However, from the petition for correction filed before the Commission, and from the course of the evidence and the argument, we gather that, in the main, the more specific objections of the county to the assessment are: (a) That in point of ratio to market value it is out of line with the assessments of other property in the county, and hence unfair to the owners of such other property; (b) that the rate of reduction in the assessment is unjustifiably higher than in the cases of the other railroads in the county; (c) that in treating 50% of the roadbed and tracks as personal and not as real property the Commission acted arbitrarily and contrary to the generally accepted legal theory; and (d) that in classifying as industrial spurs, and hence of substantially lower taxable value, certain tracks which always prior to the assessment in question had been classed as branch lines, the Commission again acted arbitrarily.
The Interstate Railroad is a coal carrier whose main line extends from Andover to Miller Yard, 29.02 miles, where it connects with the Carolina, Clinchfield Ohio Railway. It has seven branch lines varying in length from approximately 1 1/2 to 7 1/2 miles and totaling 24.04 miles. All except a mile and a fraction of the road is located in Wise county.
According to exhibit introduced by the Commission, and based upon figures from the Valuation Bureau of the Interstate Commerce Commission, the cost of reproducing the road new as of January 1, 1938, was shown to be $4,007,933. This exhibit shows the "per cent condition," weighted average, of the Interstate to be 63.06 per cent, or a depreciation of 36.94 per cent, resulting in a net replacement value of $2,527,391. The assessed value of the road for tax purposes for the year 1938 was fixed by the Commission at $648,144. This figure is about 26 per cent of the replacement value, as shown by the exhibit, as compared with the equalization ratio of 30 per cent used by the Commission in arriving at the assessment.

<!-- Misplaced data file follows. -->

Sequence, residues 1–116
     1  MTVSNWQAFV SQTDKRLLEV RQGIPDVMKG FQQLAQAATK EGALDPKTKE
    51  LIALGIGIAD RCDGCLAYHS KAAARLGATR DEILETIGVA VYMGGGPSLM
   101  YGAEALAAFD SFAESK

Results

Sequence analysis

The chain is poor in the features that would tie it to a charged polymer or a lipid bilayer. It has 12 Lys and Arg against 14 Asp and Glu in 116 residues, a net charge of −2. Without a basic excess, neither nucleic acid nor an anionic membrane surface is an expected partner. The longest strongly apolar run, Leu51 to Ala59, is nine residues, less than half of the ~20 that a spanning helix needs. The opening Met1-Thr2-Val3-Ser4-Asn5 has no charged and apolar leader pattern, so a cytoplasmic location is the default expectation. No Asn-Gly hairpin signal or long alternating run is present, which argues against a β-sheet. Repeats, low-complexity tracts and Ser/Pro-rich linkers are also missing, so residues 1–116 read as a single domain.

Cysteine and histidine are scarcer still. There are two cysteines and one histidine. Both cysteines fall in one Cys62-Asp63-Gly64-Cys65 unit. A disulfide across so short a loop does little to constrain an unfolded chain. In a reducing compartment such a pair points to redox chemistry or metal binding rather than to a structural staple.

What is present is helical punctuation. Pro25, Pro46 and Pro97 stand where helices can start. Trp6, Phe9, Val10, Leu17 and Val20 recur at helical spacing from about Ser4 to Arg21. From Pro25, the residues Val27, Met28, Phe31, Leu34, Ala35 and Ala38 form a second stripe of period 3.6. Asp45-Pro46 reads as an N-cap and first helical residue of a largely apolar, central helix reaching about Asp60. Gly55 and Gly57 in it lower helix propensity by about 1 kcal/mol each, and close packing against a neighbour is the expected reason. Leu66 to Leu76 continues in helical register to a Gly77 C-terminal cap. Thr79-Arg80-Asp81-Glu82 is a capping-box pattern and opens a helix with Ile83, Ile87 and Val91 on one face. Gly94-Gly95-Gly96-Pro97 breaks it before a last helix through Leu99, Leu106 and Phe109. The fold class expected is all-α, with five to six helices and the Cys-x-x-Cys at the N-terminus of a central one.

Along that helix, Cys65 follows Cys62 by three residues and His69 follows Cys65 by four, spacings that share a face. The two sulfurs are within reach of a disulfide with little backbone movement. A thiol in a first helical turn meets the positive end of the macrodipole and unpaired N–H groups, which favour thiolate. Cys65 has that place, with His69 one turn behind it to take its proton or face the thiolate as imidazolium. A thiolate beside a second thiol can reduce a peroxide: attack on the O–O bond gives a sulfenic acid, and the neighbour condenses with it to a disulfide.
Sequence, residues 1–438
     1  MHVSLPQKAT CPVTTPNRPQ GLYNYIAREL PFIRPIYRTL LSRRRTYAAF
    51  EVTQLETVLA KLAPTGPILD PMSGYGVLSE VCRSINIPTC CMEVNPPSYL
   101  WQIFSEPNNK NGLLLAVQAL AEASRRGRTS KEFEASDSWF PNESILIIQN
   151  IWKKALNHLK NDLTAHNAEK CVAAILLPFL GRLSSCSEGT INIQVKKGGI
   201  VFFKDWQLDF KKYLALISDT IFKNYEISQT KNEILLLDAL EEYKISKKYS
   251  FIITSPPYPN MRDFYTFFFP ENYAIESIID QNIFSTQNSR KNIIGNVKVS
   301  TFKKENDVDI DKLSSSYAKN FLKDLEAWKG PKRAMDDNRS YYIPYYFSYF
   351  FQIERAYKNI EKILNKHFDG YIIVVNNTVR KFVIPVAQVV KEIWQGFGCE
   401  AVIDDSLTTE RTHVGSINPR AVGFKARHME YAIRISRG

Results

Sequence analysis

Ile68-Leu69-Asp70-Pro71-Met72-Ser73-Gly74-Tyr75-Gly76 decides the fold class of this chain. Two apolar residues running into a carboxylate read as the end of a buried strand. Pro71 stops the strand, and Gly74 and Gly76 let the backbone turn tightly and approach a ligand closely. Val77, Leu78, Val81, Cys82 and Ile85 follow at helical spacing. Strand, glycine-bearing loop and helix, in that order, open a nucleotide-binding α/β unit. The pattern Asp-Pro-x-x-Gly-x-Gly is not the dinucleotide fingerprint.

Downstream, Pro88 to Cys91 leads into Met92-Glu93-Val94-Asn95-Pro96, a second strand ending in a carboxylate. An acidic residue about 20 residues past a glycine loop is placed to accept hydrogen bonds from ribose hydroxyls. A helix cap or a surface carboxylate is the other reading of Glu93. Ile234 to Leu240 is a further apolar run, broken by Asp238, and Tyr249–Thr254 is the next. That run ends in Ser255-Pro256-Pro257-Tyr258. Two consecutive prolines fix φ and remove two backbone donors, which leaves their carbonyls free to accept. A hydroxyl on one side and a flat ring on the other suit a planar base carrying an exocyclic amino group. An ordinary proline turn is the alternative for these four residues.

For the year 1926 the assessed value of the road was $1,084,231, and it continued at approximately that figure until 1935, when it was reduced to $894,603. For 1936 it was $893,378; for 1937 it was $857,522; and then, as stated, for 1938, the year now in question, the assessed value was placed by the Commission at $648,144, or $209,378 less than it was in 1937, and 40% less than it was in 1926.
In a graph prepared by L. M. Hillman, Jr., Commissioner of Revenue for Wise county, and who testified in behalf of the county, there are shown assessments of different classes of property in that county for the year 1938 in comparison with the assessments of the same property in 1926. Taking 100 as the index number for the assessed value of all property in the county for the year 1926, and comparing the assessed value for 1938 with that index number, the following is shown:
Town Lots and Improvements ............................. 100% Non-Mineral Lands ....................................... 97% All Railroads ........................................... 78% Mineral Lands and Improvements .......................... 75% Interstate Railroad ..................................... 60%
The same witness furnished a table showing the assessed value of each of the five railroads in the county for the year 1938 as compared with the assessed value of each in 1926, as follows:
1926 1938 Reduction Norfolk Western ..................... 100 97 3% Louisville Nashville ................ 100 85 15% Virginia Southwestern ............... 100 85 15% Clinchfield ........................... 100 76.5 23% Interstate ............................ 100 60 40%